For only the second time in eight days, the infernal southeast breeze that blusters throughout the Cape Town summer has stopped for a few hours, allowing the heat of the early morning to sink in. It is early Christmas Day, and while Americans are tucking the kids into bed to await the midnight journey of Santa Claus, Capetonians are waking up to a bright morning of worship, gifts, family, friends–all soon to be followed by the beach.
South Africans acknowledge the winter origins of the holiday with Christmas trees, fake snow decorations and Santa suits. Yet Christmas is a midsummer festival, and so it has a sensual quality that contrasts, inevitably, with the cozy intimacy of the festive season in the northern hemisphere. Cape Town in particular is a feast for the senses: the local food is fresh and spectacular, the people are beautiful, and the city is in the mood to party.
There are a few unique local Christmas traditions, most of British origin, such as the fruit-filled pastries called “mince pies,” and the annual “Christmas box” gift to household staff and municipal workers (hence “Boxing Day”). There are a few local ones, as well, such as the countrywide rush to the beach on the day after Christmas, and the local Capetonian tradition of colorful Christmas bands, soon followed by minstrels and Malay choirs.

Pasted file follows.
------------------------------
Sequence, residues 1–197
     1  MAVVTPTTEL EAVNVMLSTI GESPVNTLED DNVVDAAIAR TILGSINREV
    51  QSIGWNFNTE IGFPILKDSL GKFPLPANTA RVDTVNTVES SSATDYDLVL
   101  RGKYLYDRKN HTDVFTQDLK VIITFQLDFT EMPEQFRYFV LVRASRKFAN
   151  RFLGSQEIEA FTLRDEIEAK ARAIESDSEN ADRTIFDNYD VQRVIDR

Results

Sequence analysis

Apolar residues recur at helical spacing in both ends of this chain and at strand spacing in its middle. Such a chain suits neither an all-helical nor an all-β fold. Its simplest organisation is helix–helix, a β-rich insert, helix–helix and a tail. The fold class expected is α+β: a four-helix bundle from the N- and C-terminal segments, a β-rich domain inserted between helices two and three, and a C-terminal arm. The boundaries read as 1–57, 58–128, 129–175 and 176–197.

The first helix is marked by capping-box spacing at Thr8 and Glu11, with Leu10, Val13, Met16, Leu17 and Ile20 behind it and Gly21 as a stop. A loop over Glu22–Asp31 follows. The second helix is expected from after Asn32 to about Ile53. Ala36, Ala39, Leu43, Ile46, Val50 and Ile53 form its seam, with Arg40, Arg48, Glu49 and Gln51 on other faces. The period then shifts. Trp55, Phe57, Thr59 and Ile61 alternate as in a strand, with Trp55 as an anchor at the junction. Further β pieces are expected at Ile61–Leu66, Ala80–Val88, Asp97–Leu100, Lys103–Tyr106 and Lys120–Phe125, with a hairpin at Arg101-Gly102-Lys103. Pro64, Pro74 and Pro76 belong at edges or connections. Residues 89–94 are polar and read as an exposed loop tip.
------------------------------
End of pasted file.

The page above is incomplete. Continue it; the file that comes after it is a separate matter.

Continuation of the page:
In my wife’s family, there is also the tradition of great-grandmother’s annual Christmas cake–the only brandy her late husband, a much-loved local pastor, would allow in the house. I have tasted this year’s cake early in the process and I can say that fruitcake certainly deserves a better reputation, if Ma’s handiwork is a representative sample! On my father-in-law’s side, there are German traditions, too, such as gift-giving Christmas eve.
I’m looking forward to a slow start to the day–a run on the ocean, daily prayers at the Gardens synagogue, and a cup of coffee–before the Christmas festivities start in earnest. The wind usually picks up later in the day, which could dampen the peaceful mood a bit. But if the wind remains still, this just might be one of the best holidays anyone remembers in Cape Town, one celebrated in the full warmth, brightness and joy of the summer season.